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Osborne Unsettles Renewables Investors Despite Green Rhetoric

The Chancellor has unsettled renewable energy investors by unequivocally backing a central role for gas in Britain’s energy mix, in a Budget that also held out the hope of scrapping one of the country’s most contentious green taxes.

Gas is “cheap, has much less carbon than coal and will be the largest single source of our electricity in the coming years”, said Mr Osborne, who also unveiled £3bn of tax allowances to boost North Sea oil and gas investment.

The development of technology to extract the shale gas found in many countries, and that was once hard to reach, has prompted a debate about whether this will encourage more investment in fossil fuel for years to come and make it harder to curb CO2 emissions.

“I am concerned about the focus that the Budget took on fossil fuels,” said Mark Kenber of The Climate Group, an international non-profit organisation. “In 2010 David Cameron pledged to become the ‘greenest government ever’ but with announcements like this it looks doubtful.”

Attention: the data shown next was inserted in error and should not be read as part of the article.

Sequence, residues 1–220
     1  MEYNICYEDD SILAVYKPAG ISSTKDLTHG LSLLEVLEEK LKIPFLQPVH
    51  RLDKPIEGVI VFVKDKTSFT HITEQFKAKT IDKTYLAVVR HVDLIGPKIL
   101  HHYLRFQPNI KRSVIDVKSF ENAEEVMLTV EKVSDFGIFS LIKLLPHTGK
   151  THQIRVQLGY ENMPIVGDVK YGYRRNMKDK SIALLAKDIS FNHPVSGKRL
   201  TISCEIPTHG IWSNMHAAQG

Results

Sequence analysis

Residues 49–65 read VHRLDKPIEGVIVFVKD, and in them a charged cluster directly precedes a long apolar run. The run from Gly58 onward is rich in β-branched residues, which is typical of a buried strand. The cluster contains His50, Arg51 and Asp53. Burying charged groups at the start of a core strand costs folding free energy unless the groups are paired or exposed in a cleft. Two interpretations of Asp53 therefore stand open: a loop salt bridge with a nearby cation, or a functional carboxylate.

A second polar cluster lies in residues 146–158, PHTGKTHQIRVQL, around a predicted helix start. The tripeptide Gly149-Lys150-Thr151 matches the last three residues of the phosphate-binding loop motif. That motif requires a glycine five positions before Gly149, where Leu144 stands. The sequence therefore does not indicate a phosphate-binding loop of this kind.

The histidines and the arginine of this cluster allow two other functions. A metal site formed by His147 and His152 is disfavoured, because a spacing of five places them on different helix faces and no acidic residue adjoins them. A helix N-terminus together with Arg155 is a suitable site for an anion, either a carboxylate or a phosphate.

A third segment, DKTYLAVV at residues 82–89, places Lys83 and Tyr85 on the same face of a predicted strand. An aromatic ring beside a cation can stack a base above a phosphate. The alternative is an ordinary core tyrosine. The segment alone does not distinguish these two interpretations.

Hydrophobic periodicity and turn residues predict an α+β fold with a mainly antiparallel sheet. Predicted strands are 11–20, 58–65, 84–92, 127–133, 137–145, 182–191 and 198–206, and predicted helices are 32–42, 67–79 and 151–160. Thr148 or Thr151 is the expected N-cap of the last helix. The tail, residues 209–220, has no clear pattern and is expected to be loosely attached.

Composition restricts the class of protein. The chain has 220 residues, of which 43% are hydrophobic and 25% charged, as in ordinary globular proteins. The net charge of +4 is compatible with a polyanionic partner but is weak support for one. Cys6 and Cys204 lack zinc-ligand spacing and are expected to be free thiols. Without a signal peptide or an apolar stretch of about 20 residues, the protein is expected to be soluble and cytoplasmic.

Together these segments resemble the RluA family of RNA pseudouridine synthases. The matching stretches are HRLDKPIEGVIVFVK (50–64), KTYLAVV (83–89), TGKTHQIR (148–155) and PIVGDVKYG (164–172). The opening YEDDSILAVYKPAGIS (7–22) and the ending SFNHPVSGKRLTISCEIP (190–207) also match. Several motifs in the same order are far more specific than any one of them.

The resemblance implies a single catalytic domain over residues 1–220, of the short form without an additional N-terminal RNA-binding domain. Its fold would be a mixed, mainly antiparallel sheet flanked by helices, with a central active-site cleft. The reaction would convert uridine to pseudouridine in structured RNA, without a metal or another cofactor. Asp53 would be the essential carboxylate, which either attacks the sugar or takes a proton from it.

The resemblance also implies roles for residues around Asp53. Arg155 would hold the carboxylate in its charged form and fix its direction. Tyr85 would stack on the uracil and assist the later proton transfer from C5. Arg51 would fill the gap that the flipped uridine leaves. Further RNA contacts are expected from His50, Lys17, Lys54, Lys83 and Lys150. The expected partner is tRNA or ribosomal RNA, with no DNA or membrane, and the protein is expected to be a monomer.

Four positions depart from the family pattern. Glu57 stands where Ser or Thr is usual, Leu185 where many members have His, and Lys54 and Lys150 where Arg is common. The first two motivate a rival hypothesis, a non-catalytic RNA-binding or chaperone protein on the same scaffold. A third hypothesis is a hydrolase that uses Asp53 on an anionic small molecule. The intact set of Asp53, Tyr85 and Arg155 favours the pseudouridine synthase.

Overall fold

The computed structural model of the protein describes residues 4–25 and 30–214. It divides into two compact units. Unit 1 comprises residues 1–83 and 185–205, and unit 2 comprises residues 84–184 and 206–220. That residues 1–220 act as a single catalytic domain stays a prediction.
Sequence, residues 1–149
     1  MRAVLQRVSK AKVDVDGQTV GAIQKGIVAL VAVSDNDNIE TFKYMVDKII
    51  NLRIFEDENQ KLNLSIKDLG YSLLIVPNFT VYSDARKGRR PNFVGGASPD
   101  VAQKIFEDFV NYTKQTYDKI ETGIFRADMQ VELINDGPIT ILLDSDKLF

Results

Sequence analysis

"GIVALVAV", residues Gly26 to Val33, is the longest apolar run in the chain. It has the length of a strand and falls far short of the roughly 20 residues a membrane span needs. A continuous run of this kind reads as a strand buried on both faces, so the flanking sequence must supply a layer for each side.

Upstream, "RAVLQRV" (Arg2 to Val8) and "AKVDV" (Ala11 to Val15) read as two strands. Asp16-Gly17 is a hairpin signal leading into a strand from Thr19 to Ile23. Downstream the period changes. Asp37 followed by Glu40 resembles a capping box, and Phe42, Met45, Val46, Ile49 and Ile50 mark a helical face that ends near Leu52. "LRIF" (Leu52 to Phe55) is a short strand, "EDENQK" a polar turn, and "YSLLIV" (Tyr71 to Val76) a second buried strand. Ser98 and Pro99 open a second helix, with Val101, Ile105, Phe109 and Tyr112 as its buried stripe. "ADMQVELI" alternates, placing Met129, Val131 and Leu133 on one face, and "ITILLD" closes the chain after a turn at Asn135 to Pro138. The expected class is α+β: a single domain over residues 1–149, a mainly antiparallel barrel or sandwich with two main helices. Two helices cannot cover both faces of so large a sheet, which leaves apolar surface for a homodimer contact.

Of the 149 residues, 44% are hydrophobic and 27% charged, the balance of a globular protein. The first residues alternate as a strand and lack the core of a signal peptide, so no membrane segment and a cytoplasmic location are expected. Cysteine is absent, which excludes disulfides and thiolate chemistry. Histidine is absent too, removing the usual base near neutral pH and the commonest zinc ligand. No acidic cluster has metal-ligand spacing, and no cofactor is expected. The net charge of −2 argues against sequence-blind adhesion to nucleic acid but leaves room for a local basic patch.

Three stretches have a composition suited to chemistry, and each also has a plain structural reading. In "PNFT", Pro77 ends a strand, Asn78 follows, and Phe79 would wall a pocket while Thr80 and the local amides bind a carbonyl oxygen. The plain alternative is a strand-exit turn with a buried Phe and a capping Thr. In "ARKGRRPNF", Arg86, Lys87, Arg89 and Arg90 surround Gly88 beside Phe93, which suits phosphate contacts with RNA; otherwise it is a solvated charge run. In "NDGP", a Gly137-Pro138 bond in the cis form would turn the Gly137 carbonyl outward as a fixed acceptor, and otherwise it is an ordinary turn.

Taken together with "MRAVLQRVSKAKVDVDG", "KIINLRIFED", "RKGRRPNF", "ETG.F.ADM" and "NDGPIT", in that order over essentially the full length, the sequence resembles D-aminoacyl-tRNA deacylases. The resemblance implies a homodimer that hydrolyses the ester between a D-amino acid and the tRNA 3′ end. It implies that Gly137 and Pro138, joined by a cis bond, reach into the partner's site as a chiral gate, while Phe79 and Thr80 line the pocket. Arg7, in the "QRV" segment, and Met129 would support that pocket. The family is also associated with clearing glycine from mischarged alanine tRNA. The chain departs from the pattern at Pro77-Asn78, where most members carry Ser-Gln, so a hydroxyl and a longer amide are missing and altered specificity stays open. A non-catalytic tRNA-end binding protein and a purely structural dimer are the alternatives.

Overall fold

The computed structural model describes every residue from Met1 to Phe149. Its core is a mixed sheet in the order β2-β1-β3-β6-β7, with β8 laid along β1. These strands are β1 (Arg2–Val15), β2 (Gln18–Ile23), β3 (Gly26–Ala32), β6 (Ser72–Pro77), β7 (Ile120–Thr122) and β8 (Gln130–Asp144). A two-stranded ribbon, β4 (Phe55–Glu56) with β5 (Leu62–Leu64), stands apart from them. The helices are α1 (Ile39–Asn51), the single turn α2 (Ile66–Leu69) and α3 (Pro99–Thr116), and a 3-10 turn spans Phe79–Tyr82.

Still, the tone of Mr Osborne’s speech differed notably from some of the comments he made about environmental costs in November’s autumn statement, when he said “we are not going to save the planet by shutting down our steel mills”.

Instead, he remarked: “Renewable energy will play a crucial part in Britain’s energy mix – but I will always be alert to the costs we are asking families and businesses to bear. Environmentally sustainable has to be fiscally sustainable too.”

Gaynor Hartnell, head of the Renewable Energy Association, welcomed the “noticeably more positive tone”, but added that the government’s own advisers had found that volatile gas prices, not renewable energy costs, were responsible for recent soaring electricity bills.

Industry groups were quick to welcome Mr Osborne’s announcement that he would review – and possibly abolish – the Carbon Reduction Commitment, a controversial scheme to cut corporate greenhouse gas emissions that was launched by the previous Labour government.

The measure is “cumbersome, bureaucratic and imposes unnecessary cost on business”, said Mr Osborne, promising that if he could not find savings in administrative costs for business, “I will bring forward proposals this autumn to replace the revenues with an alternative environmental tax”.

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